844 Merrick Rd., Baldwin
AMBIENCE: Rustic dishes served up in a casual dining room filled with stained wood and Caribbean music.
ESSENTIALS: Closed Sundays. Lunch and dinner, noon to 9 p.m. Monday to Wednesday, noon to 10 p.m. Thursday to Saturday. Major credit cards and reservations accepted, delivery, takeout, parking lot.
Like many restaurants serving foreign cuisine, the walls inside Coalhouse Grill are designed to express the food’s origins. But where a pizzeria’s hokey painted walls of hills and grapevines charm easily, the muted walls with rustic chair rail molding in the dining room at Coalhouse Grill require a little more effort. The stained tables, made from the same common lumber used as floor joists, and the bar, built with oriented strand board typically used for wall sheathing, are utilitarian. It’s all a little rough around the edges, but honest — just like the food.
Chef Nathalee Francis, who moved to the United States at 19 and now owns the five-month-old restaurant with her husband, Patrick, knows both sides of her native Jamaica. There are the beaches, the tourists and sugary cocktails with umbrellas, but there is also the inside of her grandfather’s butcher shop, where he’d pack up cuts of beef, pork, goat and chicken and send her home to cook them. Francis described her restaurant’s interior as a reflection of that Jamaica, complete with a pudgy banana tree planted in the center of the dining room.
A dish familiar to most Jamaicans is the ackee and saltfish starter. Considered a national dish, it’s a savory and creamy bowl (the mouth feel is similar to a pile of soft egg curds) that combines salted cod sautéed with ackee, a popular island fruit. Paired with four rounds of crispy bammy (dried yucca or cassava) the dish is worth more than the $9 asking price, even if the accompanying, never-ending spiralized cucumber proved hard to share. Small details like that get in the way, as it did when our pleasant waitress distributed square bowls, instead of roomier plates, making it hard to get all the dish’s elements together.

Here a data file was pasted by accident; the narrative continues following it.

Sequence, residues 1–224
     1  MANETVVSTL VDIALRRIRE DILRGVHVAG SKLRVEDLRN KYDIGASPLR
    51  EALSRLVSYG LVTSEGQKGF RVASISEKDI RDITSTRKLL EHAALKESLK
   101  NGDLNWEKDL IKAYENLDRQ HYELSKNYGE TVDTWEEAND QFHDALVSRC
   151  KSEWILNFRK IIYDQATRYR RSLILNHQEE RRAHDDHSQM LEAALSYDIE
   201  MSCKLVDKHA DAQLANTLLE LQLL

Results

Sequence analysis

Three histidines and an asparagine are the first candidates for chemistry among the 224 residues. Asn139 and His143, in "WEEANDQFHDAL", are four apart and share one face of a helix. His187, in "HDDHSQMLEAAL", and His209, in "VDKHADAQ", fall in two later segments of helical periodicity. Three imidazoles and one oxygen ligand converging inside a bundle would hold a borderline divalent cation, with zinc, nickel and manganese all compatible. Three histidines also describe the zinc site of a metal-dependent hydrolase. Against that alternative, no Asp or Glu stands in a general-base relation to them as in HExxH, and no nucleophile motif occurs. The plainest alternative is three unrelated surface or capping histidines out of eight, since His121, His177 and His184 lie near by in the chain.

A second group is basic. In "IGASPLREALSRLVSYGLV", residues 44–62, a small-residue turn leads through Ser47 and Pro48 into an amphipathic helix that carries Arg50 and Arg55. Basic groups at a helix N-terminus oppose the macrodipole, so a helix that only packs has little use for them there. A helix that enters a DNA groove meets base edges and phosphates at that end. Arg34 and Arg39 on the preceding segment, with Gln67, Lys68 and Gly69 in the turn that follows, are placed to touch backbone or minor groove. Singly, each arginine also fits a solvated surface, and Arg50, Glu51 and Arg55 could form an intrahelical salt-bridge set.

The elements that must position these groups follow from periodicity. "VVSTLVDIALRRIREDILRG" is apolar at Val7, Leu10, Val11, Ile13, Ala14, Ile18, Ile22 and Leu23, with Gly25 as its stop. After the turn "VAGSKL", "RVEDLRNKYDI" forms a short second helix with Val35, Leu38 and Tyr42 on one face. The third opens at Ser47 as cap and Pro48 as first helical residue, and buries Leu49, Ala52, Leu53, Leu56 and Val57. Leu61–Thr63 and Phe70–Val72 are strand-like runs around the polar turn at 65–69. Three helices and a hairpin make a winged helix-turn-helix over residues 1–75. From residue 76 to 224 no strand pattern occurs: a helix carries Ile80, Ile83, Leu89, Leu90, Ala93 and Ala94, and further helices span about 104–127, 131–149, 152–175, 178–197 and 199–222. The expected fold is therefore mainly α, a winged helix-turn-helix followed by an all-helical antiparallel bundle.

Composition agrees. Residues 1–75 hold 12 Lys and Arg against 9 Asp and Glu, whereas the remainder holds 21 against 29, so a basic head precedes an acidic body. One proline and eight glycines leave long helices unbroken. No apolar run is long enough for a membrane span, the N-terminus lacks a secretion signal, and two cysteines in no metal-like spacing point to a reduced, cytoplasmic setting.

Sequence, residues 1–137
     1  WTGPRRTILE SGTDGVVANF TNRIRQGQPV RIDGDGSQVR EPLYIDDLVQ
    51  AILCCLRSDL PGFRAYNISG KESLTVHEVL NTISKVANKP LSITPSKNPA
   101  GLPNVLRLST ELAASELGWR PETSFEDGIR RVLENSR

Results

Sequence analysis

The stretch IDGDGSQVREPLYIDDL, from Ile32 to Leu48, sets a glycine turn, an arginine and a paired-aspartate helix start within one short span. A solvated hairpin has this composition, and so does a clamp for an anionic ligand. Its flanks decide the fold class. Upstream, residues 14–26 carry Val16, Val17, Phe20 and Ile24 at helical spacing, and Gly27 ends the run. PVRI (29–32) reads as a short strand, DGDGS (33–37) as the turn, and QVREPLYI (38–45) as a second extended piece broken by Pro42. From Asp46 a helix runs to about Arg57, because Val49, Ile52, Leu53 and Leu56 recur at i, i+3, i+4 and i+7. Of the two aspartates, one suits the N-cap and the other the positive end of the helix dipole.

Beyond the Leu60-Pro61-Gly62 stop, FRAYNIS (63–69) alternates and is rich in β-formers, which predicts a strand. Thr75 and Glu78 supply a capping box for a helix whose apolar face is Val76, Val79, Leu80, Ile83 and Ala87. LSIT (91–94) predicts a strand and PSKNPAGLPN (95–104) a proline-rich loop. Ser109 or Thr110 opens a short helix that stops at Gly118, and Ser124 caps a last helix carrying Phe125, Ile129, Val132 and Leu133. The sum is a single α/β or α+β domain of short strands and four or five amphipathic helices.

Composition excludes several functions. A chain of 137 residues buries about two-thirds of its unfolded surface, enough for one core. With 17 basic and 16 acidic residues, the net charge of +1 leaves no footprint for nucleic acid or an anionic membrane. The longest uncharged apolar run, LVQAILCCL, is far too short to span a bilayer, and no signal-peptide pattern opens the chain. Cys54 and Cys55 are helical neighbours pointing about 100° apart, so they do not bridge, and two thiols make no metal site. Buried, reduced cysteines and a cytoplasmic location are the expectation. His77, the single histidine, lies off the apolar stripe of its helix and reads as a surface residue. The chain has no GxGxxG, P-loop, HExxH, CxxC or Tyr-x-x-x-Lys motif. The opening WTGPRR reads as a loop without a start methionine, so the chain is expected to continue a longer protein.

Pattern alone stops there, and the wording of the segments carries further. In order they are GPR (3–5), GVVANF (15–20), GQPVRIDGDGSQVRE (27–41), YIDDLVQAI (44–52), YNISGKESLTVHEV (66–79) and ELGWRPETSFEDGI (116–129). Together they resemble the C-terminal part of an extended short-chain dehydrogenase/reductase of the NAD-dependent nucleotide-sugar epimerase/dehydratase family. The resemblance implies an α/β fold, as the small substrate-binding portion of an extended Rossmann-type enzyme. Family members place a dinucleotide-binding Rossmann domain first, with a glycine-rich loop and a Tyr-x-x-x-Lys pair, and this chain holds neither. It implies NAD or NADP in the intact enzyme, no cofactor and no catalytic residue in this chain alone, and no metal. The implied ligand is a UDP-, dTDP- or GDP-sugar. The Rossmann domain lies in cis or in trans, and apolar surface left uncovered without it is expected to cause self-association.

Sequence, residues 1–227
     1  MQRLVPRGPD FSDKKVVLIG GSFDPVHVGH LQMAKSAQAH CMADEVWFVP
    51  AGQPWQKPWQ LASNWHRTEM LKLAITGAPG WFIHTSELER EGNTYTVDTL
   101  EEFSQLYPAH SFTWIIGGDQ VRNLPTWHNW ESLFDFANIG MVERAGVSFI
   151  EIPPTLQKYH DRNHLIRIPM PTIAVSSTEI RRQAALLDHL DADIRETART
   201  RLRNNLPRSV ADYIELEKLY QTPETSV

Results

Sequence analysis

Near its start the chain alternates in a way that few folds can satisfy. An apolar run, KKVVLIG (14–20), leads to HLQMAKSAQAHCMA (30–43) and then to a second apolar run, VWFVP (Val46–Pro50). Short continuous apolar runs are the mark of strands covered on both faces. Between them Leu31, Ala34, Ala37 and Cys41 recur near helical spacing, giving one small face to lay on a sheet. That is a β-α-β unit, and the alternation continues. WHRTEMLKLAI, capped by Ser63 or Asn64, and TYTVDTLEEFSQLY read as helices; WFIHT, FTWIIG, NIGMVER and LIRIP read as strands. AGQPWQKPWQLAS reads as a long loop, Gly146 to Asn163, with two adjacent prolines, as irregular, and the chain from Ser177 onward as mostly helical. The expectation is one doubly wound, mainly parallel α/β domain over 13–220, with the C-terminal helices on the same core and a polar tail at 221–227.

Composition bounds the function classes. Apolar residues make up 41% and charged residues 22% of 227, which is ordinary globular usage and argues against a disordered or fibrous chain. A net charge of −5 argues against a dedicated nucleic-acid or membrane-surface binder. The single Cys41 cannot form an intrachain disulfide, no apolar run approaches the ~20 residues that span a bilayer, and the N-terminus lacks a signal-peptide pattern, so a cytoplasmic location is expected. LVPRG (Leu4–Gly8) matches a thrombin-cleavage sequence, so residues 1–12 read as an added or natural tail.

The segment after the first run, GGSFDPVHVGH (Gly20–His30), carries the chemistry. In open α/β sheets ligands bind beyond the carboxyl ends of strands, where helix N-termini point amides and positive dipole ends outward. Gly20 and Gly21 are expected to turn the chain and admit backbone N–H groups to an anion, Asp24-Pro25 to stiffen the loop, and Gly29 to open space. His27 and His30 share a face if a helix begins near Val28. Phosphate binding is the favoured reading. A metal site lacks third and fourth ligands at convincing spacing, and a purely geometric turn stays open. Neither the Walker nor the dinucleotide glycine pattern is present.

There were more instances when the menu didn’t reflect what reached the table. The green salad’s list of mesclun, chickpeas, apples and grapes became romaine, more spiralized cucumber, canned tangerine segments, carrots and green peas. It happened again with the sides that should have accompanied the broiled salmon. Instead of potatoes and blended vegetables I received the standard sides for most of the entrees: rice with gungo peas, fried sweet plantains, and a scoop of sautéed cabbage. I’m not sure adhering to the menu would have helped in either case as the already sweet salad had an even sweeter raspberry-walnut vinaigrette, and the salmon was riddled with bones.
Traditional, time-intensive main courses were more consistent. The twice-cooked braised oxtail, having spent enough time on the heat to breakdown the tough connective tissue, was silky and flavorful in a sauce of carrots, butter beans, tomato pastes, hot peppers and butter. Floating in that sauce were oblong, pillowy spinner dumplings. The stewed, bone-in segments of tender chicken were coated in a rich brown sauce flavored with carrots and potatoes. The jerk chicken and pork both spend about 24 hours in the same basic rub that includes Scotch bonnet pepper, pimentos, and thyme. The quarter chicken’s mildly spicy flavor is tempered by the bright and sweet mango salsa, while the six or so hunks of pork shoulder sit squarely on the savory-spicy side. Francis said the kitchen can tailor the heat level per request, though that offer never made it to our table.
The juices are another bright spot, the best of which is a zippy natural, unfermented ginger beer made from the root, water, lemon juice and some sugar. End the meal with one of the clever desserts, cakes served in Mason jars with plastic spoons so you can eat them at the table or on your walk out of the restaurant. The carrot cake was moist, with a nice hint of cinnamon and a measured hand with the sweetness of the frosting.
Get the most out of Coalhouse Grill by sticking with the traditional plates and asking questions about the preparation. With a ginger beer in hand, you won’t be tricked into thinking you’re on a touristy beach, but it sure feels like a Jamaican kitchen.